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I was determined to make a positive lifestyle change and shed my extra pounds forever. So my teenage daughter, Laura, challenged me to run in the Crim Festival of Races with her the following summer.
“Sure,” I said, immediately followed by the thoughts “Oh, no—now, I have to do it.”
The Crim Festival of Races, now called the HealthPlus Crim Festival of Races (Crim), is an annual event with several races and walking events in Flint, Mich. This event attracts more than 14,000 participants from around the world, which includes Kenya, Russia and the Ukraine. The racing events are the one mile, 5K, 8K, 10-mile and the Teddy Bear Trot.
Laura, who ran on the high school track and cross-country teams, suggested we run in the 5K race. She challenged me in October; the Crim takes place in August; so I planned to start training in June.
In the meantime, I told anyone who was willing to listen about my plans to run in the Crim. I figured the more people I told about it, the better my chances to make good on my challenge. Laura was embarrassed because she witnessed the rise and fall of my many diet and exercise programs. She believed my plans to run in a Crim race wouldn’t materialize.
Determined to keep my word, I started my version of training earlier than expected: in December. Originally, I put my time in on the treadmill for 30 minutes, four times a week. My sedentary, overweight body refused to do anything that resembled a jog. Remembering my promise to Laura, and the running news I told friends and family, I swallowed my pride and settled into a comfortable walk.
I pushed myself to move faster and farther every week. Eventually, I spent 1 hour on the treadmill, five times a week. Before long, my walk grew into a sweaty, delicious jog. After the weather warmed, I ran outside—6 miles a pop, five days a week. It took me 50-55 minutes. And I actually enjoyed it!
Five months ahead of schedule, I joined the crowds and ran in weekend races that were sponsored by local businesses. By this time, my commitment changed. I ran for me and my consistently improving running marks—not Laura.
The weekend races proved to be a lot of fun. There was excitement in the air—a positive energy. Who knows, maybe that came from me? I saw familiar faces from previous races. One woman, new to running, arrived each week with more family and friends to participate in the race.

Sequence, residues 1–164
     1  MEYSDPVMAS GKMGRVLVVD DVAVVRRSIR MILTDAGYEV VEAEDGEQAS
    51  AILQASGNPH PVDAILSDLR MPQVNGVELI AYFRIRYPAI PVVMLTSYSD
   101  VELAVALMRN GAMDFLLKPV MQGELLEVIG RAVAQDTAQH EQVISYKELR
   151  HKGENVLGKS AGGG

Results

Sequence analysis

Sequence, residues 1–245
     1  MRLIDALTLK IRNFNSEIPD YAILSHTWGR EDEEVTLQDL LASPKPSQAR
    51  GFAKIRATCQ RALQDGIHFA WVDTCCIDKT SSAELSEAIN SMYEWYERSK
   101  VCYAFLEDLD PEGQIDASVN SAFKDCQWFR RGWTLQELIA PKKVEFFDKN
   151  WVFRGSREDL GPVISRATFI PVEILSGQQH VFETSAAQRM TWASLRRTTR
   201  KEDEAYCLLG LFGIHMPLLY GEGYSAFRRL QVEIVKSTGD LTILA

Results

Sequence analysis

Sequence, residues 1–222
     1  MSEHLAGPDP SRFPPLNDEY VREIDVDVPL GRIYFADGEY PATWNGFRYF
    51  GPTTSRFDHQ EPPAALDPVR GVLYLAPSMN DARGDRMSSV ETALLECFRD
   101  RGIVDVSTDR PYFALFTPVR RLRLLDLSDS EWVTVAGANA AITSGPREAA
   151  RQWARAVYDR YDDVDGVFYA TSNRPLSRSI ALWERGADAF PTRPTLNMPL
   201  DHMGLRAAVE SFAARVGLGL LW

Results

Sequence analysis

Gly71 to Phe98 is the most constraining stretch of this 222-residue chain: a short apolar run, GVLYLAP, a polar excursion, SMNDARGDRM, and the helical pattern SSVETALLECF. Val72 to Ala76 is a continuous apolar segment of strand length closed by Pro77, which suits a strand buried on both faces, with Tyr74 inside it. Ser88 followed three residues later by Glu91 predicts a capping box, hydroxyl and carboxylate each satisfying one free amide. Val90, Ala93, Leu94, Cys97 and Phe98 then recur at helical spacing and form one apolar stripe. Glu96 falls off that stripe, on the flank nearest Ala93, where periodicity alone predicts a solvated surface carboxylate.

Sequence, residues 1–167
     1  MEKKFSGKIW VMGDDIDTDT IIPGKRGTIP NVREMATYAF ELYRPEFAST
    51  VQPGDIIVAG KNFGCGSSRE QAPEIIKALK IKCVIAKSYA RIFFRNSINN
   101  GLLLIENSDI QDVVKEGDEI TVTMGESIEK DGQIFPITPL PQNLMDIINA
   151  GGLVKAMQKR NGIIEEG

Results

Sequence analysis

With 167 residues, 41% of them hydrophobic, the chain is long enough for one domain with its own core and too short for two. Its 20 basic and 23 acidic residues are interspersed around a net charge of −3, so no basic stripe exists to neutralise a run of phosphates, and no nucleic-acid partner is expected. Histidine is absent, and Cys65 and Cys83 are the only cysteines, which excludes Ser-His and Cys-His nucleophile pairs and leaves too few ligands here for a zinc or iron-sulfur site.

Regular race participants included a man holding a black and white POW flag, a man dribbled a ball while running, and another man ran while wearing a prosthetic leg. Then there was the woman, who was excited to return to running after finishing chemotherapy treatments.
The races weren’t just about running and racing times. The atmosphere seemed to celebrate life, community and health. The races were fun, weekly social events. It felt like being in a stress-free zone, except for some minor disappointment at the end of the race. That’s when some runners looked at their race times and said they could have done better if only…
By the time the Crim Festival of Races arrived, I had run in eight weekend races and accumulated eight running bibs and official race shirts. I subscribed to a running magazine, wore out my first pair of running shoes, and I enjoyed an unexpected surprise. While doing my training run at a junior high school track, some members of the U.S. Army Reserve joined me.
But running in the Crim was the high point of the summer. After all, that’s why I started running. As agreed, Laura ran in the 5K race, and I ran in the 8K race.
Lining up at the starting line with hundreds, maybe thousands, of running enthusiasts felt exhilarating. Family, friends and enthusiastic spectators lined the streets to cheer us on. And some thoughtful people ran their lawn sprinklers on the curb to provide us opportunities to run through water sprinkles on that hot, August day.
That day ended on an high emotional note. Me—a non-athlete—regularly ran 6 miles at a time and considered weekend running races fun. I achieved my goal of running in the Crim and have an official 8K Crim racing shirt to commemorate that day.
I continued running in the weekend races through October. When the Michigan weather cooled, the days shortened, and I retreated indoors to run on the treadmill.
Then Laura invited me to join her in the Jingle Bell Run for Arthritis, which takes place at the end of November.
“But it’ll be cold,” I whined. “What if it’s raining, or worse yet—snowing?”
“You’ll be fine,” Laura said. “The worse that will happen is you’ll be a little numb.”
Reluctantly, I submitted our registrations forms, thankful that Laura isn’t interested in running marathons.
Michele Sprague is the author of the book, Single Again 101, and wrote hundreds of stories for corporate magazines and newsletters. Michele earned a bachelor’s degree in Communications from the UM-Flint, and lives in southeastern Michigan.